Canning Season is Here! Has Your Gauge Been Tested?

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Canning Jars

Canning is a great way to preserve your garden bounty and experience delicious Summer foods all year long. How does canning work? The canning process removes oxygen; destroys enzymes; prevents the growth of undesirable bacteria, yeasts, and molds; and helps to form a high vacuum in jars. There are some risks to be aware of. Low acid foods must be pressure canned at temperatures between 240 to 250°F.

To ensure safety of home food preservation, always follow a research-tested recipe.
Below are some great resources with evidence-based recipes and information regarding canning:

National Center for Home Food Preservation (NCHFP) Provides current research-based recommendations for most methods of home food preservation.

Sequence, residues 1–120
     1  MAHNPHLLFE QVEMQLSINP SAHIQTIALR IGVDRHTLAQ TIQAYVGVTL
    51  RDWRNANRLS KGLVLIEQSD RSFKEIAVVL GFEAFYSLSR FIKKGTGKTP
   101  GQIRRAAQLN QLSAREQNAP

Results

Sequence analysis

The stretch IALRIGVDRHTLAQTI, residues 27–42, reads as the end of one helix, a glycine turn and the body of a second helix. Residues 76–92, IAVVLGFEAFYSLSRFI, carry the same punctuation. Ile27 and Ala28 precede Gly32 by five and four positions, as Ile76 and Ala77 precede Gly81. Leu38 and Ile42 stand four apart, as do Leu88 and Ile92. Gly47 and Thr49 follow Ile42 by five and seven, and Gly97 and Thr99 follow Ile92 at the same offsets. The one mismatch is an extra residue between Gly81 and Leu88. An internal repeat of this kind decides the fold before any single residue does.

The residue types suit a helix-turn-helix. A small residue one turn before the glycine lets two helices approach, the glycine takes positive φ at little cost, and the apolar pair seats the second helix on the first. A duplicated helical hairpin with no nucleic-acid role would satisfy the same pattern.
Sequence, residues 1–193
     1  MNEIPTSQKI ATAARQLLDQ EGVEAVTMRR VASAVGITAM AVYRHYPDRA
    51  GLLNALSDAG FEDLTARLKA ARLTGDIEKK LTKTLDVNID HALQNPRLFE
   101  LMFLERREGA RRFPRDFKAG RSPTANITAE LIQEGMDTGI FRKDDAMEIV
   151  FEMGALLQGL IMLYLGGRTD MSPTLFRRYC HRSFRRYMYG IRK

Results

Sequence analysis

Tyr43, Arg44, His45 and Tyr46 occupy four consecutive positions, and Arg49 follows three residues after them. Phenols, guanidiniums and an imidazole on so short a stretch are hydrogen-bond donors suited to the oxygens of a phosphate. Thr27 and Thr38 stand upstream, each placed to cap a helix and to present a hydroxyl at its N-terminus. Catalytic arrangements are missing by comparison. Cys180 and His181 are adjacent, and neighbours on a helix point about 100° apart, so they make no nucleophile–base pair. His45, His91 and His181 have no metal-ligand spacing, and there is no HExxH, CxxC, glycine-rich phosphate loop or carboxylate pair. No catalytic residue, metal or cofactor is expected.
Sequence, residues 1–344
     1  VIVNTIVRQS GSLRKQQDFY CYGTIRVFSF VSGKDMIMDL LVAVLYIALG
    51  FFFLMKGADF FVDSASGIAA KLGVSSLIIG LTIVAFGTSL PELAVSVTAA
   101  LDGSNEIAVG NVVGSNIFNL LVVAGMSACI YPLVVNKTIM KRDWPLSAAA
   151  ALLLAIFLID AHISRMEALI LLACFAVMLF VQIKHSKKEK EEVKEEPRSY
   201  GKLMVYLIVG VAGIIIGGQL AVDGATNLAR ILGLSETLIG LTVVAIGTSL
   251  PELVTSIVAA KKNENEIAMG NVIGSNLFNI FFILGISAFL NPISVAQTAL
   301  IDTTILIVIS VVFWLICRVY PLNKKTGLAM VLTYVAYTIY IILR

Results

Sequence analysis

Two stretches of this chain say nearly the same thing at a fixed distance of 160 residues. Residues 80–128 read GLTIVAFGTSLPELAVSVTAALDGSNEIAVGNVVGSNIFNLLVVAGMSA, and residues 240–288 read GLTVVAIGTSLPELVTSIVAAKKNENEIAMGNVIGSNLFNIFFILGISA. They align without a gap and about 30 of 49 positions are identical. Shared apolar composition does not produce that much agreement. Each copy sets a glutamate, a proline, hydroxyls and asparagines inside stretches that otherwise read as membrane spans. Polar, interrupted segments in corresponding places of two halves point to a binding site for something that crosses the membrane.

USDA Complete Guide to Home Canning  Provides research-tested recipes in addition to safe food preservation information.

-So Easy to Preserve – Provides research-tested recipes on preserving food: canning, pickling, making jelly/jam, freezing and drying.

–Ball Blue Book, 37th edition- Published 2020. More than 75 tested-recipes, with tips for better fresh preserving. Ball Blue Book

Did you know that your dial gauge pressure canner should be tested each year for accuracy?

Gauges that read high cause under-processing and may result in unsafe food. Gauges that read low cause over-processing. Pressure adjustments can be made if the gauge reads up to 2 pounds high or low, however gauges that differ by more than 2 pounds will need to be replaced.

Call the N.C. Cooperative Extension, Cherokee County Center at 828-837-2210 x5 or email Marlana Baker, Extension Agent Family & Consumer Sciences, at to request information or arrange a time for canner testing. We have set a date for Dial Gauge Canner testing with information below, however if this does not work with your schedule, please contact us. Bring only your dial-gauge pressure canner lid.

Pressure Canner testing day